How Do Garbage Recycling Groups Function in Brazil?
In Brazil, recent legislation is forcing industries and departments of governments to rethink the life cycle of their used packaging. The concept of shared responsibility, determines that those who contribute to the creation of any form of pollution, from the manufacturing companies to the commercial corporations to the consumers to the municipal governments responsible for cleaning up what was thrown away, all must share the costs of the problems created by their actions. A truly innovative law, the National Solid Residue Policy of 2010, created the concept of Reverse Logistics, in which the companies that manufacture or utilize disposable packing for their products must pay for the return of that material into the productive cycle. In other words, instead of just extracting new raw materials from nature for future packaging products, these industries must also recycle used materials. And as part of the process of turning the used material into new articles, these same companies must invest in the collection and transportation of the used material to put it back into circulation, either by their own employees or by external groups of people who perform this type of service.
The most relevant group involved in putting Reverse Logistics into practice has proven to be the waste pickers. These modern day untouchables are generally people who have been rejected by society, and because of their poverty, suffer exclusion from the social benefits of education and employment. They have few other opportunities to earn a living outside of the garbage dumps and waste bins of the more fortunate. Although considered scavengers in some cultures, they often prefer to be called recyclers.
The socialist government in Brazil has been helping to strengthen the waste pickers in recent years. They have offered programs to assist these outcasts in organizing themselves into Associations or Cooperatives, and then to receive financial and material aid to structure their working operations. In some cases, the city governments are responsible for the collection of pre-separated waste products, which they deliver to the waste pickers. The wet organic material, remains of food and plants, is separated from the dry recyclable material by each family of the city's residents, then the city sends trucks on alternating days, one day for the material that can be recycled and another day for those things which they still don't know how to recycle. The organized waste picker groups receive the recyclables, and subject them to various processes to increase their commercial value.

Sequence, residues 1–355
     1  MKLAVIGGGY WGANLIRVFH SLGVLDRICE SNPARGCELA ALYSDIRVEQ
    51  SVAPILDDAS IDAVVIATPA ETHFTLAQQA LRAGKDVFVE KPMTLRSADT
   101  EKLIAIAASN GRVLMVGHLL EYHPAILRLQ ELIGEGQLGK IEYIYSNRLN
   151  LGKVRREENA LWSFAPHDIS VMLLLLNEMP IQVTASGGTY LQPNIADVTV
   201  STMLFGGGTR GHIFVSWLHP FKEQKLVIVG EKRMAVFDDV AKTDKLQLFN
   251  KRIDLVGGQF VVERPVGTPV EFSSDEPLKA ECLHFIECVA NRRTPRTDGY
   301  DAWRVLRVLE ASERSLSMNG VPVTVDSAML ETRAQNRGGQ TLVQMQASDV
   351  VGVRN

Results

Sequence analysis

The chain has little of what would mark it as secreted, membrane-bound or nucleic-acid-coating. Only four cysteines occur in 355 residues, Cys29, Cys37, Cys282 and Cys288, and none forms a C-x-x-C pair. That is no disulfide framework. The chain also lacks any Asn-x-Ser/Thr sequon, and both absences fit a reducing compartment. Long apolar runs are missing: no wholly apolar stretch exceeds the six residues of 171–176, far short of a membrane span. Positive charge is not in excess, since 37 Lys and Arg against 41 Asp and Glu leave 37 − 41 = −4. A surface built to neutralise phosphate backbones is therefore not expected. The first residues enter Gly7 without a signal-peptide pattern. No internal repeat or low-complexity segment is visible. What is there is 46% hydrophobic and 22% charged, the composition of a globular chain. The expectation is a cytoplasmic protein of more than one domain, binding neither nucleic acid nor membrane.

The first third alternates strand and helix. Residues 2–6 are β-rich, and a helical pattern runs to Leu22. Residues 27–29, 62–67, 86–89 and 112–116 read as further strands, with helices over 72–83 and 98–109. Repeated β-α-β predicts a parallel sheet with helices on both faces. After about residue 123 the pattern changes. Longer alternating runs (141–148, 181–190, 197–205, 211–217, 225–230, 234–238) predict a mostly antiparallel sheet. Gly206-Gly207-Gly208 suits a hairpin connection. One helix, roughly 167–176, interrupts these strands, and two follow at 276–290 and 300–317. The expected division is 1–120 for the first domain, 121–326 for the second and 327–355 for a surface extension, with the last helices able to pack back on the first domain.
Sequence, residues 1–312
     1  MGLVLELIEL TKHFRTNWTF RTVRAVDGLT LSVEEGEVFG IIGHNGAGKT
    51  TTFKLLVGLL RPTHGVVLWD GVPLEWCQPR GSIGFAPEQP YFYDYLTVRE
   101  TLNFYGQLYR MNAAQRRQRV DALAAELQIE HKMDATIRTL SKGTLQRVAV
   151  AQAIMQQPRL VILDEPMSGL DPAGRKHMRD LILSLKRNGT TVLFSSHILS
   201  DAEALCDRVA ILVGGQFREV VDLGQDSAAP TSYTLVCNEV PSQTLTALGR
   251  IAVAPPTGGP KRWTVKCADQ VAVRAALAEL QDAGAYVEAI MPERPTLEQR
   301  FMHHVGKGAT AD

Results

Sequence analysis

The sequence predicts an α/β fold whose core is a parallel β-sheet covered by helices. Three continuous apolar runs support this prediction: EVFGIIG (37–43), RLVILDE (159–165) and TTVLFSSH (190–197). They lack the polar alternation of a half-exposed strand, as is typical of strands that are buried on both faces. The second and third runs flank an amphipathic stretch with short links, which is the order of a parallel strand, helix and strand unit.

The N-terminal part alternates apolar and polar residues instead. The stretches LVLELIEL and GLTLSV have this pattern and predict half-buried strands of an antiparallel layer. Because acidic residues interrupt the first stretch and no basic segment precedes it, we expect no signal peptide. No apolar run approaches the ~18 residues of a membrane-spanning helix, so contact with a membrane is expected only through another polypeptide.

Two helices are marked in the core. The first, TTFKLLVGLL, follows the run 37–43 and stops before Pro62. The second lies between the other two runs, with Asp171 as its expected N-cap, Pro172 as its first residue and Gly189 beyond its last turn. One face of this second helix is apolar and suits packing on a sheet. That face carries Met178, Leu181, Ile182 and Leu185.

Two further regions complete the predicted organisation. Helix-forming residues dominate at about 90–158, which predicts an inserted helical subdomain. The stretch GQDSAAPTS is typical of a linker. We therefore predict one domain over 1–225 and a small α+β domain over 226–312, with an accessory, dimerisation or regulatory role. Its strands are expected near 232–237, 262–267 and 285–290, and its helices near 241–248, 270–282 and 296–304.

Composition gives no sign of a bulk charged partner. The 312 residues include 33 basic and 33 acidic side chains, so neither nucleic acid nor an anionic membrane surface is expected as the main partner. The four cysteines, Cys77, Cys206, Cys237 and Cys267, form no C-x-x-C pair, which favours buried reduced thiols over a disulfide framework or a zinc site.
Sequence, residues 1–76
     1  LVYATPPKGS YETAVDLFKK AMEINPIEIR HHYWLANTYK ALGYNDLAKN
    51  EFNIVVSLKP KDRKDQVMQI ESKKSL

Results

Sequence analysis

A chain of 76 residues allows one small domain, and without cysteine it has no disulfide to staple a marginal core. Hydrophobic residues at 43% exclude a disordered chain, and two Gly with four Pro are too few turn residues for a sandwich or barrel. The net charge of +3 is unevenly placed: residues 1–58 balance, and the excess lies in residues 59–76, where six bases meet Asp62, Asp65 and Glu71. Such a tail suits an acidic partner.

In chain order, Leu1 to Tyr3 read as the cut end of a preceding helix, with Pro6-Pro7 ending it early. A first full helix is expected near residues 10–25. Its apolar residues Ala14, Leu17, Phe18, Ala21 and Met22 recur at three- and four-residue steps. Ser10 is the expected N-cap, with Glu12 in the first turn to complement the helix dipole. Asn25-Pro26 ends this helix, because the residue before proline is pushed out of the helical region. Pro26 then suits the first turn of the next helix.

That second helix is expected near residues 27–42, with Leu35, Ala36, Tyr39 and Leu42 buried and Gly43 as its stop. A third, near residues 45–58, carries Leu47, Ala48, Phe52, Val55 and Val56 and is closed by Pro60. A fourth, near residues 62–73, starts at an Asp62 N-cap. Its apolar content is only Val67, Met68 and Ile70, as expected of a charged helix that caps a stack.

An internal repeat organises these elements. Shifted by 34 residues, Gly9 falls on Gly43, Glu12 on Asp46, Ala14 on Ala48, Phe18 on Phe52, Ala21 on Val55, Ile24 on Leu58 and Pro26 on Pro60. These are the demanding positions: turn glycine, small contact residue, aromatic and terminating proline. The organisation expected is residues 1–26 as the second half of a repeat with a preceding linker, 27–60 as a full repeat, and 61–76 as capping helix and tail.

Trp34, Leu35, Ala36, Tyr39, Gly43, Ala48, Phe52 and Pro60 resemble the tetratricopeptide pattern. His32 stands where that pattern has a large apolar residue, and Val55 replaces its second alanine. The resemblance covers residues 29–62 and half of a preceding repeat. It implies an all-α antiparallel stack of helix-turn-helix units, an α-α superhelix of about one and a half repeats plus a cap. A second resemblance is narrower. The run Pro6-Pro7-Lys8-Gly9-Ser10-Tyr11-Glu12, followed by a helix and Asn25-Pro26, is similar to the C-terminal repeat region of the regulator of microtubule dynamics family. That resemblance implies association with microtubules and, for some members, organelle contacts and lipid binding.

First, they separate the material according to type, not only separating all plastic articles from the other materials, for example, but separating these plastics according to their chemical composition polyethylene soft drink bottles and shopping bags, polyvinyl chloride pipes, polystyrene trays and plates and further, separating by color and density. Likewise with glass (clear, green, blue, brown, etc.), paper (which has a large variety of types), and metals (iron, copper, stainless steel, aluminum, among others). The softer materials paper, plastics and aluminum are further processed by being pressed into dense bales, thus increasing the weight in proportion to the space it occupies. Each type of material has a different buyer at the industrial level a factory which recycles iron doesn't recycle paper. Normally, the waste picker group accumulates large quantities of each material before selling, which lowers the transportation costs for the buyer, who then pays a higher price to the association. Many well organized and disciplined groups have managed to elevate their income continually.
In the case of many groups, however, due to their extreme poverty, the waste pickers must sell all the material they can as fast as they can in order to support their families. They don't possess capital reserves with which to buy food while they accumulate material to sell for a better price, so they sell to intermediaries, people who pay them less than the industry's price but buy whatever quantity of recyclable material is available. Groups who find themselves in this vicious cycle can't grow beyond the poverty level. This difficult situation requires access to special forms of financing for waste picker associations, which so far have been rare in appearing. It is hoped that the Brazilian government will recognize this weak point in their support programs and offer viable alternatives, to accelerate the social and environmental changes they seem to aim for.
Author: David Michael (Teres'polis, Brazil)
Edited by: Rajesh Bihani ( Find me on Google+ )